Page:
Conserva Irrigation is surviving — and thriving


For Conserva Irrigation, an irrigation firm with franchises across the U.S., the business is not just surviving — it’s thriving, according to Russ Jundt, founder of the company.

“While it’s been an awkward time where we’ve needed to pivot and be more thoughtful and more prepared, with all the different CDC protocols, our sales for Q1 were up 65 percent year over year and it’s not slowing in April,” Jundt says, adding that the company has been declared an essential business in all of the states where it operates.

In addition to wiping off equipment (including customers’ controllers), frequent hand washing and using sanitizer, keeping vans and vehicles limited to a one-person capacity and encouraging social distancing practices, the company has implemented other protocols to keep its clients and employees safe. For example, at some locations, technicians’ temperature is taken and recorded before they’re allowed to work.

“We’re being attentive to people’s needs. We’re asking our customer base if they’re comfortable with our services continuing. We’re also asking the client that if they are quarantined, we’d prefer not to be there and we’d rather reschedule that appointment (to keep our technicians safe),” Jundt says. “We’re also working with our technicians and giving them the option (to come to work) relative to their personal beliefs or personal well-being as some of our technicians are high-risk.”

The company has also escalated the development of a platform where technicians can assemble a digital estimate on-site and email that to the client instantly.

“Normally we would share that information in a paper format side by side with the client or even on an iPad, but now we’re able to share that via email, and they can stay a safe distance away and go through that in the comfort of their home while our technician remains outside,” Jundt says.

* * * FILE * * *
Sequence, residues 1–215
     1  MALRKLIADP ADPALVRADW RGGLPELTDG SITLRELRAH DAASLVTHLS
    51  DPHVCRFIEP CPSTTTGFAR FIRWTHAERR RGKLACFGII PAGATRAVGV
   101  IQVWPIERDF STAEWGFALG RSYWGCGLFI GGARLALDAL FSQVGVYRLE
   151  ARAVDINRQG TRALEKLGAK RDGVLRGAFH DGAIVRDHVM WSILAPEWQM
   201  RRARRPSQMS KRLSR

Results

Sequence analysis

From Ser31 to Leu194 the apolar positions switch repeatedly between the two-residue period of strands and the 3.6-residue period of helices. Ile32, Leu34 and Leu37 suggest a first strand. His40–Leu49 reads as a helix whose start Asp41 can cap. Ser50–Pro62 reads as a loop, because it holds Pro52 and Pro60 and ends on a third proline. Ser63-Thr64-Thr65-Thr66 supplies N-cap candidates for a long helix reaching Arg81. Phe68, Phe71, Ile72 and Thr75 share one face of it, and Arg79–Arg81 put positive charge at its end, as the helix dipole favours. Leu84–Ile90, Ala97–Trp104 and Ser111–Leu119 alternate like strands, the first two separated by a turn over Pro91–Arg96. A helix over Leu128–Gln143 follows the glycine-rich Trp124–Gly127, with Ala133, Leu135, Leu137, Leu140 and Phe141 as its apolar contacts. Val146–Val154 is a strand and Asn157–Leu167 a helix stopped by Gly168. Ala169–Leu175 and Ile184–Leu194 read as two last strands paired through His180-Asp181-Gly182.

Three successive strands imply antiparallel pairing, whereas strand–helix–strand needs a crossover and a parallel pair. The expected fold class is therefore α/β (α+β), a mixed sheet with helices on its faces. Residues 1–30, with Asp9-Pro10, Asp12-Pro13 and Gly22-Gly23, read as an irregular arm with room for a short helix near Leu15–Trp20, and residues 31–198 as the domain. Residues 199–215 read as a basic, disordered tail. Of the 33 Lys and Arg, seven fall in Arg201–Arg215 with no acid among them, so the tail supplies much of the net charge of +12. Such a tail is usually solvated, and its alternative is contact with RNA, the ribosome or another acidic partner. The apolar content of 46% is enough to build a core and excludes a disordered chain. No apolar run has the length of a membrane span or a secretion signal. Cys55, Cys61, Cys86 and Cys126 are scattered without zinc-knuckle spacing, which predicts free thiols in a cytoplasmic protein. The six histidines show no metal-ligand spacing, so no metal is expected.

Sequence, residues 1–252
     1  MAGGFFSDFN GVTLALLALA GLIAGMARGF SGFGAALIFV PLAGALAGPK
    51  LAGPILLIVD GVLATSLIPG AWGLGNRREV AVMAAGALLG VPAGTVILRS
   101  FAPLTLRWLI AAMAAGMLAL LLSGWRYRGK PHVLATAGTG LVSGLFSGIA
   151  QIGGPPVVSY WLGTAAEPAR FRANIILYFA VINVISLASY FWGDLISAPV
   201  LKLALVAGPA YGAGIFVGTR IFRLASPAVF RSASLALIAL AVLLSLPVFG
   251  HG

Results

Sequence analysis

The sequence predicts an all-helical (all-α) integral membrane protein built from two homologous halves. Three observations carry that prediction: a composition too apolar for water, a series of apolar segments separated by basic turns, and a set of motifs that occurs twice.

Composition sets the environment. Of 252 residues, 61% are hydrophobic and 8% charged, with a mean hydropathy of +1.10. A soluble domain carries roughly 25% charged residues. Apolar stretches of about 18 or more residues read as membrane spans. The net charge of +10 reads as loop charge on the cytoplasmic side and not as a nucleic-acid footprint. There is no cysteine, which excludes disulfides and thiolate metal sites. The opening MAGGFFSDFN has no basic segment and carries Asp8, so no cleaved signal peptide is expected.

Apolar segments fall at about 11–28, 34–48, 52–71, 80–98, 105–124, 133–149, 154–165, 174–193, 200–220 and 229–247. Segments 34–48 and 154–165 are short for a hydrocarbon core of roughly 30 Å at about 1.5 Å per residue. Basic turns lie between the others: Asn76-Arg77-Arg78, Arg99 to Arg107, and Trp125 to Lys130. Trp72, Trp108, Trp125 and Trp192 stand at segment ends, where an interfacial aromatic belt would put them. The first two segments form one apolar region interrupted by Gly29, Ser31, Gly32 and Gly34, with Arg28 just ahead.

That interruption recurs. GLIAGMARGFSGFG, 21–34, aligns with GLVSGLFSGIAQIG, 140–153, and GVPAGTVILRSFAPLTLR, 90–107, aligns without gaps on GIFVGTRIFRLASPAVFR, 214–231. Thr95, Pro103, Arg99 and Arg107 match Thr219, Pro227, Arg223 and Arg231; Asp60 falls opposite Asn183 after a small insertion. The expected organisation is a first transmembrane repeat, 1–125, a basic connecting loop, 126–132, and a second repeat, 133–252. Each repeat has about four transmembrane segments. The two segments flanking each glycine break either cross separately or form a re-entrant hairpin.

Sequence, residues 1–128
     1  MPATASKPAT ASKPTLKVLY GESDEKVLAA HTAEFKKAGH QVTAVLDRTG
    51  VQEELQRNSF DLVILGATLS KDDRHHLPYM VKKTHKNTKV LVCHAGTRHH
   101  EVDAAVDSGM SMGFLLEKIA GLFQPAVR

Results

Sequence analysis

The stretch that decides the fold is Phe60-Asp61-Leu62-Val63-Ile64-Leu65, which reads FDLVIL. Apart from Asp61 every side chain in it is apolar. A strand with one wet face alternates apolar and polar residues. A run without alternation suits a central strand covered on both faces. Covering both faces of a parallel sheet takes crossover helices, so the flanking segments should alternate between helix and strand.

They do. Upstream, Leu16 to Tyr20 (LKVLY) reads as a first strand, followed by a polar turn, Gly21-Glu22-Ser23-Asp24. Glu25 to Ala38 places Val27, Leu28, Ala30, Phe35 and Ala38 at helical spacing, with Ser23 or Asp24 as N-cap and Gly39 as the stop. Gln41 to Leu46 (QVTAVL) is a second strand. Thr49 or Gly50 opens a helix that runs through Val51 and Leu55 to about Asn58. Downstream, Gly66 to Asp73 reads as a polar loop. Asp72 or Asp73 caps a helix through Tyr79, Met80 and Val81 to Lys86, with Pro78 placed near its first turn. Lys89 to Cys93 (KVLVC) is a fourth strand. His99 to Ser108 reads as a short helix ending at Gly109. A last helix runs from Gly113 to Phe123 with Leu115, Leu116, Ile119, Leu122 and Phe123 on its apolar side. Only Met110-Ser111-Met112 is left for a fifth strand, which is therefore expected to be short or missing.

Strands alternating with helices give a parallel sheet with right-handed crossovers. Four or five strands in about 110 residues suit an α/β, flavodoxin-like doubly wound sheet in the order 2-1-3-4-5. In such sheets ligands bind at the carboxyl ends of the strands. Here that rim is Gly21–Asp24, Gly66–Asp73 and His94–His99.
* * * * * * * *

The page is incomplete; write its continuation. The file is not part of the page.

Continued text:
While Jundt says no one could have been foreseen a pandemic, Conserva felt somewhat prepared as it had already run through a series of contingency planning exercises late last September with different measures to prepare in the event of a downturn or some sort of economic change.

“We had already started that planning process last September, and then as things started to evolve in mid-to-late February, we understood that we better get some guidelines put in place so we can be ahead of the curve for each of our franchise locations,” Jundt says.

Jundt says he expects Conserva will continue to do well, despite the economic fallout from COVID-19.

“Due to the nature of our business being a need-based business, the fact that our services are a smaller-ticket amount and that we’re a repeatable service, we anticipate that in a downturn, that we would remain robust and remain busy, and we anticipate that this will definitely continue,” he says.

Sarah Webb

Sarah Webb

Sarah Webb is Landscape Management's former managing editor. She holds a bachelor’s degree from Wittenberg University, where she studied journalism and Spanish. Prior to her role at LM, Sarah was an intern for Cleveland Magazine and a writing tutor.

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